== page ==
Wichit added that Thailand should ensure the stringent inspection of all visitors arriving in the country, tighten regulations concerning the issuance of visas, and train both tourism companies and members of the public to take care of visitors to tourism destinations across the country. (TNA)


Foreign tourist arrivals up for Thailand

Foreign tourist arrivals at Bangkok International Airport in August were up on the same month last year, the first month to show an increase since the outbreak of SARS in April.

It was only a small increase - 634,493 compared with 633,950 in August 2002 - but it was enough for Minister of Sports and Tourism Sontaya Khunpluem to say he was delighted at the turnaround. “We believe we may be the first country in Asia to be able to report a month-on-month increase. It shows how quickly tourism can bounce back from even the most severe crisis,” he said.

“The government has released the additional budget of 500 million baht (US$12 million) requested by TAT (Tourism Authority of Thailand) for disbursement and the new budget for 2003/04 will be on tap soon thereafter,” the minister added. (TTG Asia)


Race on to make Thailand Asia’s tourism hub

The government has begun the race to turn Thailand into Asia’s tourism hub, with strategies for the transformation of the country into a regional tourism center set to be submitted to the Cabinet for consideration by the end of the year, according to Tourism and Sports Minister Sontaya Khunpluem.

Speaking at a seminar on the development of competitiveness in the tourism industry, organized by the Tourism Federation of Thailand to mark its first anniversary, Sontaya said that the ministry was making haste to draw up strategic plans that would see Thailand emerge as a regional tourism hub during the years 2004-2006.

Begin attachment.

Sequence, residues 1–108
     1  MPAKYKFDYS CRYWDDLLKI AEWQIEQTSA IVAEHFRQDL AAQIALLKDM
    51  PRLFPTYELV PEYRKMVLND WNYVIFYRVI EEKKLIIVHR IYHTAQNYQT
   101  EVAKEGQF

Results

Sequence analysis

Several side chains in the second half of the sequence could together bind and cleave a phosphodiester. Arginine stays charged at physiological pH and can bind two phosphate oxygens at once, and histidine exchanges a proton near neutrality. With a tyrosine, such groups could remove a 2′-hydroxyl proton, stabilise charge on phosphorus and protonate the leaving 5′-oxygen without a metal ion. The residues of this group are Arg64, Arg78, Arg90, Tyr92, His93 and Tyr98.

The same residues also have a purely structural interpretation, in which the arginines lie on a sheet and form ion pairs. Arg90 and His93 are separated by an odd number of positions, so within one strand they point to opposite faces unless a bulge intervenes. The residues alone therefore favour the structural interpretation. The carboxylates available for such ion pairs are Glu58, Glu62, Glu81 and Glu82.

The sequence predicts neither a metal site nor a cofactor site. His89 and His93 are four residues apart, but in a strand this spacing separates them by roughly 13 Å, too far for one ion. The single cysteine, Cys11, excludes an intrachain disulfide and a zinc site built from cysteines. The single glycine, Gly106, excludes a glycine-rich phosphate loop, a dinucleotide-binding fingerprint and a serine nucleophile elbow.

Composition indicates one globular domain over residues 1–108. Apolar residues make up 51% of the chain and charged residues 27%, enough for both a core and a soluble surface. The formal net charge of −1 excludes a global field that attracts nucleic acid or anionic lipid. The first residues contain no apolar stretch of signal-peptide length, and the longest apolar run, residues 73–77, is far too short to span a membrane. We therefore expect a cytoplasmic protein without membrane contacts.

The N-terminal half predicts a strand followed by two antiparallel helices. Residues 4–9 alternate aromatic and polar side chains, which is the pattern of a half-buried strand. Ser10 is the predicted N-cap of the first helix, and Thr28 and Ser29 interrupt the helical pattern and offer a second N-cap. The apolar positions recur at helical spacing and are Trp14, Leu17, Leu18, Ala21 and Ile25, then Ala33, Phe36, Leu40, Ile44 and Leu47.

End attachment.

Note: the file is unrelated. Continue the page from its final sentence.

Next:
Expressing confidence that the plans would be ready for submission to the Cabinet by the end of the year, he said that the ministry’s strategies would put marketing at the core, whether in terms of the development of tourism products and destinations or the search for new tourism markets. He forecast that once the plans were put into practice, Thailand would see visitor numbers grow by no less than 10 percent each year, with average visitor spending up from 3,700 baht to 4,000 baht per day. (TNA)


Nong Khai to hold Naga Fireball Festival in October

The northeastern province of Nong Khai is gearing up to host special activities and prepare extra home-stay accommodation for hordes of arrivals during the Naga fireball phenomenon next month.

The mysterious Naga or serpent fireball shooting into the sky from the Mekong River occurs every year on the first full moon night of October coinciding with the end of the Buddhist Lent. The festival will run from October 6-12 on the banks of the Mekong River and Nongtin Park.

The activities include a competition of illuminated floats in respect to the Naga, a long boat race, marathon run, ceremonial consecration of the Naga, spectacular light and sound show of the legend in tribute to the Naga fireball and making merit rites.

“More than 400,000 tourists are expected at this year’s 7-day event,” said Wongsak Sawatpanich, Nong Khai governor. (TNA)


Air New Zealand and Qantas to appeal ACCC decision

Air New Zealand and Qantas have announced they will apply for review of the Australian Competition and Consumer Commission’s (ACCC) decision to turn down the airlines’ application for authorization to form a strategic alliance.

Air New Zealand Managing Director and CEO Ralph Norris said that while disappointed with the ACCC’s decision, the next step would be to apply for review of the decision by the Australian Competition Tribunal.

Norris said, “We remain confident that the Australian Competition Tribunal review process affords us another opportunity to present our full case for the alliance and we remain confident that we can achieve a positive outcome.”